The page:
Education

continued

Mataré's ideas for educational reform  continued....

Düsseldorf Academy 2010

Image:   DerHexer / CC BY-SA (https://creativecommons.org/licenses/by-sa/3.0)

It is clear that Mataré did not stifle the work and ideas of individual students even though he was a stickler for ensuring that students fulfilled the duties he placed on them. He was a strict task master who expected his students to attend every class and who would not suffer any lateness. However, the independence of a student was by no means a concern to him as is demonstrated by the fact that in 1953 he attended the first solo exhibition of Beuys - that of his early sculptures, drawings, and graphics – showing great interest even though he had not seen most of the work before since Beuys separated his classwork from his own private art productions. (van der Grinten)

Mataré favoured materials like wood since, unlike working in bronze and stone, they did not require the use of preliminary sketches. Nevertheless, Mataré did succeed in familiarising his students with these materials even though he had limited experience with them. Perhaps, as stated by Cornelia Lauf In her thesis “Joseph Beuys: The Pedague as Persona”: “the sculptural concept of preserving a given material's original formal integrity was the most distinctive (although hardly novel) legacy of the Mataré workshop”.
Lauf also gives a revealing (translated) paragraph from 'Mythos und Bibel' by Franz Joseph van der Grinten and Friedhelm Mennekes, quoting Erwin Heerich's experience of Mataré as a teacher:
“One could work freely...especially at home. He always corrected from specific points of view but always trying to find out what the nature of the student was. His teaching was never general and objective...but always related to the capacity of the person to be corrected. I retained this myself later when I became a teacher: the importance of finding out the particular talents of a young person and making the student aware of them and able to draw the artistic consequences.(my emphasis)
Much of Beuys' own insistence on things like attendance and good time keeping, and many of his pedagogic ideas, were influenced by MataréIt is, therefore, quite difficult to understand why he makes very little mention of him when talking about his background, not even mentioning him in his 'Life Course/Work Course' (Beuys' own early artistically and imaginatively embellished C.V.). Indeed, where Beuys has commented on Mataré, more often than not his remarks have been less than complimentary. He writes, for example:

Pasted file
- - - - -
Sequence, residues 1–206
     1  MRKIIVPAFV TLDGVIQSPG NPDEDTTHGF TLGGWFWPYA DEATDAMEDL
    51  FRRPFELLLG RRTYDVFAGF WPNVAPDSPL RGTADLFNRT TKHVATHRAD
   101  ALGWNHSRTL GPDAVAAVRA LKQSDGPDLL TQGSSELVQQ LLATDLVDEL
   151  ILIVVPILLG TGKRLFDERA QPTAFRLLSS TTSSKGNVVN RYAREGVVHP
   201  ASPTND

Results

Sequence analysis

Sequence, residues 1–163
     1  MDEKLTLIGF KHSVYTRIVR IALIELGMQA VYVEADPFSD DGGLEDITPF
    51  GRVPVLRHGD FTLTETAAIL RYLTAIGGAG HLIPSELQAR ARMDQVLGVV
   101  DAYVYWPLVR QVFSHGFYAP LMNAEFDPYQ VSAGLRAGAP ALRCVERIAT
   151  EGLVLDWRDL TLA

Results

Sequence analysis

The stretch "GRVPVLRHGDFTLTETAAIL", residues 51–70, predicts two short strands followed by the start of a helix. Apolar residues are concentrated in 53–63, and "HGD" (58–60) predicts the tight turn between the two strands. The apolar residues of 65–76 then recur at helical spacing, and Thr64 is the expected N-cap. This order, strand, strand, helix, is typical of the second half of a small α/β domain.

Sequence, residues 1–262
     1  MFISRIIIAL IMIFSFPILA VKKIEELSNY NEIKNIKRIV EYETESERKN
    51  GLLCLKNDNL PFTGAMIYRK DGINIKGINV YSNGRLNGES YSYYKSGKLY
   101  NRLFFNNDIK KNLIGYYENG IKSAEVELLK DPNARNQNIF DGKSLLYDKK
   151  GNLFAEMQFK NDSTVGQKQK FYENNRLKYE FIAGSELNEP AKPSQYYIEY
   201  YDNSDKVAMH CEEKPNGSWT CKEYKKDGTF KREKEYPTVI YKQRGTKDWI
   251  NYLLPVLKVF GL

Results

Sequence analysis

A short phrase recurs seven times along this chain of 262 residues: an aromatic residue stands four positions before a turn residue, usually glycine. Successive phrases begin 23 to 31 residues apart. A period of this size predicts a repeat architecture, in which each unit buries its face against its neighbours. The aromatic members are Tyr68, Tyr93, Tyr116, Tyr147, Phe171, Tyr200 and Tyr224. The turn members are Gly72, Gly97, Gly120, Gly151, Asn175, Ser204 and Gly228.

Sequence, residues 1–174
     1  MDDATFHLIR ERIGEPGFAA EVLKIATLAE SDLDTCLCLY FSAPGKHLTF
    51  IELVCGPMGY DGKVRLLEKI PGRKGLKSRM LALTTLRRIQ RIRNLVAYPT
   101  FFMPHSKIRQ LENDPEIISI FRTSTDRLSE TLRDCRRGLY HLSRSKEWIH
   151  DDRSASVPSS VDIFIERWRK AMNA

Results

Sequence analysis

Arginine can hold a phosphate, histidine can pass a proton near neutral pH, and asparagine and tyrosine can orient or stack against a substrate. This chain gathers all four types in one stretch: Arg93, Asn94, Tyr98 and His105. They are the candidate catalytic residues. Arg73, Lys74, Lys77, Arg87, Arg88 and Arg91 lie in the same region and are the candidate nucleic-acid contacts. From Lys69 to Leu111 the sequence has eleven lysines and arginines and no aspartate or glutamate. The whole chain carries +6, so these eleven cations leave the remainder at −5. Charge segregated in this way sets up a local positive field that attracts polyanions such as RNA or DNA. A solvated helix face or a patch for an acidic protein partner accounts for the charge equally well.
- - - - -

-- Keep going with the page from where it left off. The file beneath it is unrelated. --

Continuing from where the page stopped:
“It was difficult to go to him, and many times I had to make myself go. He was the type who worked with only a few students. Mataré was not prepared for discussions with his students, he was too self-centered for that. His strong point was his spontaneity, not his discussion.” (Adriani et al 'Joseph Beuys: Life and Works. Pg 28.)

There developed what has been described as a 'love-hate' relationship between the two. Stachelhaus writes pg 29: “Mataré's teaching programme, inspired by medieval masons' lodges, held a special fascination for his students. Even though Beuys found the confines of any group uncongenial, and remained an outsider in Mataré's class, he submitted to the master's authority without reservation when it came to learning the sculptor's craft. Beuys was one of Mataré's keenest students. His sensitivity to materials, for which he was later to be so much praised, was already fully developed. He had no difficulty modeling a clay pot without a wheel or carving a spoon or a spade directly out of wood. There can be no doubt that Mataré was well aware of his student's exceptional gifts and that this was the source of latent tension between them”.
But Beuys' antagonism most probably stems more from the fact that when he first applied to become a professor at the academy Mataré declared:he has the power to fascinate them [students] more than really speak to them. And that is an attribute talent ill-suited to a teacher since he must lead people to themselves” and Beuys appointment was subsequently refused. This was a bitter blow.
However, there were many common interests between the two that must have had a beneficial effect on their relationship. For example they both explored German literature, including Goethe and Schiller, they both took an interest in music and philosophy, and both liked to study Nordic mythology.

Rudolf Steiner (1861 - 1925)

image: Pausoak2018 / CC BY-SA (https://creativecommons.org/licenses/by-sa/4.0)

Rudolf Steiner

It cannot be doubted that one of the greatest influences on Beuys was the work of Rudolf Steiner, founder of anthroposophy - nowadays described as a formal educational, therapeutic, and creative system seeking to use mainly natural means to optimize physical and mental health and well-being. Originating at the beginning of the twentieth century, anthroposophy is characterised by an expansion of perception and knowledge (spiritual realism) and the development of individual responsibility for one’s actions (ethical individualism). As ethical individualism it develops and promotes the human being’s capacity for free self-determination. This includes self-knowledge derived from the consequences of one’s actions. As spiritual realism it opens new dimensions of reality, in which spiritual understanding of the human being, gained through reflection and direct experience expands and modifies the physical and psychological view of human beings. Anthroposophy transforms science into practical life and practical life into spiritual culture. This interconnected transformation can be seen as an artistic process, and provide new approaches for artistic creativity. In this way, anthroposophical spiritual science develops through the unfolding of individual capacities in committed involvement with culture and civil society.(https://www.anthroposophie.ch/en/anthroposophy/topics/articles/what-is-anthroposophy/anthroposophical-spiritual-science.html)